Tack/Equipment that doesn’t fit
Anything that rubs against the skin can eventually cause it to flake off. If rubbing persists, it can remove the hair and eventually cause damage to the skin. Dandruff is a good leading indicator to check for fit—whether that be the girt, saddle, or blanket, better to ensure proper fit and avoid a potential wound from excessive rubbing.
Allergies can affect horses year-round or seasonally. If you suspect allergies, it’s important to reach out to your veterinarian. They can help determine if it’s a seasonal allergy (such as pollen, or insect activity like sweet itch) or an allergy to something specific, like a feed ingredient or a particular type of bedding. Hives are a common symptom of allergies and should be watched carefully.
Hot temperatures can cause sweating which can lead to dehydration. If the horse doesn’t drink enough, hair and skin will be negatively affected. Cold temperatures and wind can also cause dry skin, leading to dandruff.
Mites, fleas, and lice could all cause dandruff as a side effect of infestation. Does the dander move? If so, it’s probably a louse. Typically, these insects will cause other problems in addition to dandruff, such as itching and hair loss.
How to Treat Horse Dandruff
Treatment should depend on the cause; a nutrient deficiency requires a different plan of action than a lice infestation, or allergic reaction. However, here are some general steps:
Determine the root cause.
This may take time, and trial and error, but understanding what is causing the dandruff is important in keeping your horse healthy and preventing future issues. Observe:
- Has the weather changed significantly?
- Did you make any changes to your horse’s diet?
- Do you see any signs of insect activity or itching? Does the skin appear heathy, or is it red, unusually dry, or swollen?
- If you are at all unsure, grab a friend, trainer, or consult your vet to double check tack/equipment is fitting properly.
- If you thoroughly groom your horse, does the dandruff go away or come back?
Treat the symptoms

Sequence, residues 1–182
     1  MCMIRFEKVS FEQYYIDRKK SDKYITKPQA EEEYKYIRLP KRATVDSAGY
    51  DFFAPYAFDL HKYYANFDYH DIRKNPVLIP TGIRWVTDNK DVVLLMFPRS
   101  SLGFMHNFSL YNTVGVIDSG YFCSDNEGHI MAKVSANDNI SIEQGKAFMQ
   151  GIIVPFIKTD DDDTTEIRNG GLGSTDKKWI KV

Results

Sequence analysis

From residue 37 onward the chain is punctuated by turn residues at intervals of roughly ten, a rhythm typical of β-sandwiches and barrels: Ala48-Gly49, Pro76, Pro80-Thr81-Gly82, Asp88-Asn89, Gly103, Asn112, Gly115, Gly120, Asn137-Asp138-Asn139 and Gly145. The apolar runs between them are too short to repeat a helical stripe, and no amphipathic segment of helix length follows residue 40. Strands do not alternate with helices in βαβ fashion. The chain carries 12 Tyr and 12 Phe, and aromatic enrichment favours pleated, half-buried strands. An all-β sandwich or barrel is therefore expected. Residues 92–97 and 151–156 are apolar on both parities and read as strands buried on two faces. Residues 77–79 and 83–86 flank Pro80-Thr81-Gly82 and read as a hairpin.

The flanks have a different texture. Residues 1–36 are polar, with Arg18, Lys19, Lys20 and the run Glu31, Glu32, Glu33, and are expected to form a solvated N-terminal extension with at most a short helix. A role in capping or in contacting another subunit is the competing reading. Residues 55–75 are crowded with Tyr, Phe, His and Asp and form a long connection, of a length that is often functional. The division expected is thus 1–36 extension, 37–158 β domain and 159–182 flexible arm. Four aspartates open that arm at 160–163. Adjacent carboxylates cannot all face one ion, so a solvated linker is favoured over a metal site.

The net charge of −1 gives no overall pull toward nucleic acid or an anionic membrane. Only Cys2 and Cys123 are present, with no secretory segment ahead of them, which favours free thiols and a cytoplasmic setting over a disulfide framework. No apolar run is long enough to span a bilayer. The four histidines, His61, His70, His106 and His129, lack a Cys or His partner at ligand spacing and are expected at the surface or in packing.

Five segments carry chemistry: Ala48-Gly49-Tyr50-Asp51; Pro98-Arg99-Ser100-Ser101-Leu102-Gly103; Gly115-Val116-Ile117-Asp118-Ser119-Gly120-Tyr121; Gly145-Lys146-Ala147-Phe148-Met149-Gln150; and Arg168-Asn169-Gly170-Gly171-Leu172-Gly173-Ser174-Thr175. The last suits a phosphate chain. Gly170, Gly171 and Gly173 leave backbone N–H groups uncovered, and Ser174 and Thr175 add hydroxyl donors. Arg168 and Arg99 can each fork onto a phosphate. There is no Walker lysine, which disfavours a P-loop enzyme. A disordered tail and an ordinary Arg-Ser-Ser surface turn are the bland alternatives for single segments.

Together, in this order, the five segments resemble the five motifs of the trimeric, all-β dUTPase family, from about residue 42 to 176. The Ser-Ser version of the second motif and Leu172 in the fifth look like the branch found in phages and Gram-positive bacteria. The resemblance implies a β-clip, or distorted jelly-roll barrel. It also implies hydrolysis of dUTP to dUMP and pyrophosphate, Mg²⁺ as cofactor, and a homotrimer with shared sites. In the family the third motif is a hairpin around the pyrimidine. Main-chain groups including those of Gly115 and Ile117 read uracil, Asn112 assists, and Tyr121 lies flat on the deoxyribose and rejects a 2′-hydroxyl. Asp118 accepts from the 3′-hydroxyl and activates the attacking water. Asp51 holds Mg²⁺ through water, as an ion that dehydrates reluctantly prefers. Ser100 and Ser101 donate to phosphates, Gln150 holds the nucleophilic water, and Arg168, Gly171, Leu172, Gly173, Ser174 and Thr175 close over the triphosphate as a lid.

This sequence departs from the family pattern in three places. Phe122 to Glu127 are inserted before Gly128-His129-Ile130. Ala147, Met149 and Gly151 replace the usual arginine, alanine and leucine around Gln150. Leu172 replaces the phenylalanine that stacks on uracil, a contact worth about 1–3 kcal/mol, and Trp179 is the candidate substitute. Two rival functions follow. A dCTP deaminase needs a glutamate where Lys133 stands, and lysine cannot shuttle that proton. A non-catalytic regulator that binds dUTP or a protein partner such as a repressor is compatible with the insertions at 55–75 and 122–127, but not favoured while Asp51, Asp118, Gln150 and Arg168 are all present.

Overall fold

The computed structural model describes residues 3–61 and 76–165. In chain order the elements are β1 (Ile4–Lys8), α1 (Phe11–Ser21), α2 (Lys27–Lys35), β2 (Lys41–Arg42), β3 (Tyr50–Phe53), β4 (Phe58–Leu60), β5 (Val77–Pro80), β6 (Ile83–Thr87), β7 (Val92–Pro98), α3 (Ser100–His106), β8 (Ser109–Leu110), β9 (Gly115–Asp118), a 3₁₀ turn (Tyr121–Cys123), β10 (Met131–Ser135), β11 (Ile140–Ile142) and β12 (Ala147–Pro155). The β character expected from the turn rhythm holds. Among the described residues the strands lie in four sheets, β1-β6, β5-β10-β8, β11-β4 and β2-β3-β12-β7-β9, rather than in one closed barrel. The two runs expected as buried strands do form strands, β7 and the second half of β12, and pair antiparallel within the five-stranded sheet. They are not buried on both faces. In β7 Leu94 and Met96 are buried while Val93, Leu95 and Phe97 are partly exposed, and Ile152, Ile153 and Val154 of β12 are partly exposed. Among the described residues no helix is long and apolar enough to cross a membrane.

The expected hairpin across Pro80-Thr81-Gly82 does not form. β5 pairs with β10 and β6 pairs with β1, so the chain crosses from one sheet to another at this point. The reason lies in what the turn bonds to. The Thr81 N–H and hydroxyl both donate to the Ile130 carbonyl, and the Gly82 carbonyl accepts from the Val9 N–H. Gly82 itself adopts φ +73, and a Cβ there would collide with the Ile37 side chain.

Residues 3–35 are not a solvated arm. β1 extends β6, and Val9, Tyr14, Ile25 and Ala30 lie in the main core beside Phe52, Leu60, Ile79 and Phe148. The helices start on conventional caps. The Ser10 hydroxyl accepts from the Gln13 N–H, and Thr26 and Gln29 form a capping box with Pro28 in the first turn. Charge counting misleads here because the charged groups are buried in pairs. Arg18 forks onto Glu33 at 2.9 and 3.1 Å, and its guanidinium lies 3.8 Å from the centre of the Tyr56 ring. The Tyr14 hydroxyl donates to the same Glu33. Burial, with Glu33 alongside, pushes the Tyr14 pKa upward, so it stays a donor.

- Spend some extra time grooming. Curry your horse to bring all the dead skin and hair to the surface, then brush it away. Now, repeat—was once enough? Be careful to not over-do the grooming, as this can cause further skin irritation.
- If temperatures permit, wash your horse with a dandruff-specific shampoo. I’m not afraid to use human products on my horse (after all, aren’t many human products tested on animals?) Head and Shoulders (yes, the human version) can be effective for your horse’s dandruff. Always be sure to rinse thoroughly—any residue left on the skin can cause further itching, irritation, and more dandruff.
- After bathing, apply a topical skin conditioner to replenish moisture and encourage a healthy coat.
- Clean and disinfect all your brushes, blankets, and saddle pads—just in case something environmental is causing skin irritation, it’s important to eliminate the root cause.
- Wait, observe, and repeat if needed.
- If the problem keeps recurring, consult your veterinarian.
While dandruff has many causes, it is very treatable. Groom your horse regularly as both a preventative measure and to observe any changes; the sooner you can react to anomalies, the quicker you can reverse any negative changes.
Equus Magazine: Get Tough on Dandruff. https://equusmagazine.com/horse-care/tough-dandruff-14524
Amateur Equestrian: How to Eliminate Dandruff. https://amateurequestrian.com/eliminate-dandruff-dry-skin-horses-mane-tail-coat/
Pro Equine Grooms: Dandruff & Your Horse. https://www.proequinegrooms.com/tips/grooming/dandruff-the-whys-and-hows